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Thanks for looking at my question in advanced. It may be quite a simple one!

I have a menu where the user can select which file they wish to run through the system.

The code below is what my menu options do:

int menuLoop = 1;
int userChoice;
std::string getInput;

while(menuLoop == 1)
{
    std::cout << "Menu\n\n" 
         << "1. 20 names\n"
         << "2. 100 names\n"
         << "3. 500 names\n"
         << "4. 1000 names\n"
         << "5. 10,000 names\n"
         << "6. 50,000 names\n\n";
    std::cin >> userChoice;

    std::string getContent;

    if(userChoice == 1)
    {
        std::cout << "\n20 names\n"; 
        std::ifstream openFile("20.txt");
    }
    else if(userChoice == 2)
    {
        std::cout << "\n100 names\n"; 
        std::ifstream openFile("1C.txt");
    }
    else if(userChoice == 3)
    {
        std::cout << "\n500 names\n"; 
        std::ifstream openFile("5C.txt");
    }
    else if(userChoice == 4)
    {
        std::cout << "\n1000 names\n"; 
        std::ifstream openFile("1K.txt");
    }
    else if(userChoice == 5)
    {
        std::cout << "\n10,000 names\n"; 
        std::ifstream openFile("10K.txt");
    }
    else if(userChoice == 6)
    {
        std::cout << "\n50,000 names\n"; 
        std::ifstream openFile("50K.txt");
    }

The code that follows in the while loop deals with the values that are in the selected file, but the code is the same for each option. The next line is:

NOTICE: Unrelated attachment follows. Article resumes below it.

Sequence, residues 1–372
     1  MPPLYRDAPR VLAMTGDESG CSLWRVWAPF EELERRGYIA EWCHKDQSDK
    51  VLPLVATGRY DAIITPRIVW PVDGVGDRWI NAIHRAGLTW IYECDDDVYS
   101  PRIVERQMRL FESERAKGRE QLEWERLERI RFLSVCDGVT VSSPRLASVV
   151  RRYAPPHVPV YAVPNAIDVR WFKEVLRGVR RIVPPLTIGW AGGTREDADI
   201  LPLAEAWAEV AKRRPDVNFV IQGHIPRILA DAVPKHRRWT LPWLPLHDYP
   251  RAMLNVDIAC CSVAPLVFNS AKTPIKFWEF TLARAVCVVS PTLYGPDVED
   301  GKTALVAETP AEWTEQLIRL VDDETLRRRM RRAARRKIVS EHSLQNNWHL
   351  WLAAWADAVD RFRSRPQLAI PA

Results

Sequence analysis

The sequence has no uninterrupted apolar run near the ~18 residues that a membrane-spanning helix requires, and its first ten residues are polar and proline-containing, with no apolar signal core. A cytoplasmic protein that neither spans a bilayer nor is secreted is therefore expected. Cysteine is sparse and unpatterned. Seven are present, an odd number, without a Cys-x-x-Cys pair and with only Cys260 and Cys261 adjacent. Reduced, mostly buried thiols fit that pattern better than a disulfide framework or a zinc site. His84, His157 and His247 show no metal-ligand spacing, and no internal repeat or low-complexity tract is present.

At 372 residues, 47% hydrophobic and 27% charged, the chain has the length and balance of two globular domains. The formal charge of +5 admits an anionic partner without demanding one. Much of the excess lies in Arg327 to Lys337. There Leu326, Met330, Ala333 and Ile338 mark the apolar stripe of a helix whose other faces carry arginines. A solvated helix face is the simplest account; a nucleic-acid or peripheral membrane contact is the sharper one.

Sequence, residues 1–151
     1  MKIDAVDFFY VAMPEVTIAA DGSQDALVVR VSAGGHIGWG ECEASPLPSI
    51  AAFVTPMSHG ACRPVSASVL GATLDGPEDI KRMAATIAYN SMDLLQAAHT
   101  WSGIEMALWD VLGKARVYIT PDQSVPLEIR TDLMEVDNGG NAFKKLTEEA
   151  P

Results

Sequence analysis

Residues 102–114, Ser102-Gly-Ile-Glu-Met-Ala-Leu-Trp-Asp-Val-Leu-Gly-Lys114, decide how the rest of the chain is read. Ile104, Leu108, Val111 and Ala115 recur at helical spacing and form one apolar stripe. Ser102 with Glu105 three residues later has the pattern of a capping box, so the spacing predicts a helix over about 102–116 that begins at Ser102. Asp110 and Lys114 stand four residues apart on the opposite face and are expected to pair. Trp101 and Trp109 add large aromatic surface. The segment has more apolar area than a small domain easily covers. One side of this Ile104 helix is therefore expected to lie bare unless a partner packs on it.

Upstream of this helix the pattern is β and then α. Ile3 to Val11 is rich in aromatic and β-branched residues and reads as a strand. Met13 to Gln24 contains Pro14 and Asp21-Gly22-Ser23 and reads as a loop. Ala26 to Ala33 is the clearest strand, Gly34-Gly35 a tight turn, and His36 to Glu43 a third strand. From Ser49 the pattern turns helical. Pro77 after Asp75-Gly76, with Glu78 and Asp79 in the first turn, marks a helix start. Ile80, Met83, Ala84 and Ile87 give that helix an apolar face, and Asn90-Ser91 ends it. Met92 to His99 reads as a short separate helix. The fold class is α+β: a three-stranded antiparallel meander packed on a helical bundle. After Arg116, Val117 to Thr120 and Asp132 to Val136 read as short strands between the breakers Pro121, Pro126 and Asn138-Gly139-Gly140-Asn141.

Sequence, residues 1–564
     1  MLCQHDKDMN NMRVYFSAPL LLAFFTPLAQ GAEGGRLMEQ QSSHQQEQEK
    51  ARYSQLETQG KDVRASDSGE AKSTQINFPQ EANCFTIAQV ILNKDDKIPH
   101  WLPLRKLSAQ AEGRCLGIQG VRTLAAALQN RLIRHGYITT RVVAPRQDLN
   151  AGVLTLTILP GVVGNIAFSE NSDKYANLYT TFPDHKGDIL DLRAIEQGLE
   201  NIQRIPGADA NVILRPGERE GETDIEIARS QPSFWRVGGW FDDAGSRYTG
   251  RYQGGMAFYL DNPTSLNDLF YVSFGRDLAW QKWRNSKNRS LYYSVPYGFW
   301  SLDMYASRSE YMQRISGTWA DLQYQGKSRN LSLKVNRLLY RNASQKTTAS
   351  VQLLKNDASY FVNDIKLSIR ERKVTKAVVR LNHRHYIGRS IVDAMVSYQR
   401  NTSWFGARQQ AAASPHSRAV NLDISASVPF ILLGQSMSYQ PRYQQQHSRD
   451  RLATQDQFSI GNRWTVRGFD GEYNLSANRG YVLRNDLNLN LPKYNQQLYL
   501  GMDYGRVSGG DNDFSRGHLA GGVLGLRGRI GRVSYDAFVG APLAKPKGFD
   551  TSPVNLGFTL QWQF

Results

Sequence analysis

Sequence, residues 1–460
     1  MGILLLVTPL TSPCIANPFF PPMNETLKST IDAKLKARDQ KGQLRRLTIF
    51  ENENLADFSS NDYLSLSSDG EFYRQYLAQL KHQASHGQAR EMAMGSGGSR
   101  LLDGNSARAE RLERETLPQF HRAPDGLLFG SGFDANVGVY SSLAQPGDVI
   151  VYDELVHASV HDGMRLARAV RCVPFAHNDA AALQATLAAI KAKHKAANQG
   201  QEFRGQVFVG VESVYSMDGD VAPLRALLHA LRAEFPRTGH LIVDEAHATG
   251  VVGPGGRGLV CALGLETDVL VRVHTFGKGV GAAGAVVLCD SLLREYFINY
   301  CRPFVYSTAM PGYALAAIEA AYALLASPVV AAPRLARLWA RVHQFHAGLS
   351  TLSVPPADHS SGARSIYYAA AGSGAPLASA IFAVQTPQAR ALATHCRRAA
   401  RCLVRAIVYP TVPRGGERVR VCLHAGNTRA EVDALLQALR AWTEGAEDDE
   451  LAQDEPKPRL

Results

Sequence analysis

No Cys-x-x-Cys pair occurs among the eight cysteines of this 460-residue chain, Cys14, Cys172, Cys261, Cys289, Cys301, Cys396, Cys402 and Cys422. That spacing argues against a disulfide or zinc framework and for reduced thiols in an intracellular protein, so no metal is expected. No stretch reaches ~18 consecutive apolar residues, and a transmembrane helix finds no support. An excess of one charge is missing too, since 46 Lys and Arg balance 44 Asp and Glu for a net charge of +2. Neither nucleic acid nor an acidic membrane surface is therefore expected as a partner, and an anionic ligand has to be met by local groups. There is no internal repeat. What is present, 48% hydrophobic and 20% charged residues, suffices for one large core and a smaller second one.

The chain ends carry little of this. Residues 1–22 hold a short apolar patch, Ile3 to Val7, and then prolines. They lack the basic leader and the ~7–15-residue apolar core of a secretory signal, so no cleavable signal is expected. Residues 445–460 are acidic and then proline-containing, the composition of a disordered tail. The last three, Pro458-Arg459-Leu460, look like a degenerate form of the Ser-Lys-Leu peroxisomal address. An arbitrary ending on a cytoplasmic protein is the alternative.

if(openFile.is_open())

Because of the way I have done it, it is saying "openFile" is undefined, which I completely understand but I was wondering whether anyone knows how I could get around?

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3  
Read up on scopes. –  chris Jan 29 '13 at 21:48
    
try switching instead of the if-else ladder –  TemplateRex Jan 29 '13 at 22:17
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2 Answers

up vote 2 down vote accepted

Declare openFile just once earlier in the while loop like so:

std::ifstream openFile;

This gives you an std::ifstream that is not associated with any particular file. Then in each of your if statements use std::ifstream::open rather than the std::ifstream constructor:

openFile.open("20.txt");

Of course, make sure each one has the correct file name.

This way, the openFile object's scope will be the while loop but you can open a different file depending on your condition.

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The bigger problem is that their code isn't data driven. @user814628's answer is better as it removes the need for tiptoeing around scoping issues. –  Peter Wood Jan 29 '13 at 22:43
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Maybe something like so:

const MAX_OPTION = 6;
std::array< std::string, MAX_OPTION > filenames = {"20.txt","1C.txt","5C.txt","1K.txt","10K.txt","50k.txt"};

//your while loop
//...
cin >> userChoice;
//assert userChoice >= 0 < filenames.size
const std::string& filename = filenames[ userChoice ];
std::ifstream openFile(filename.c_str());
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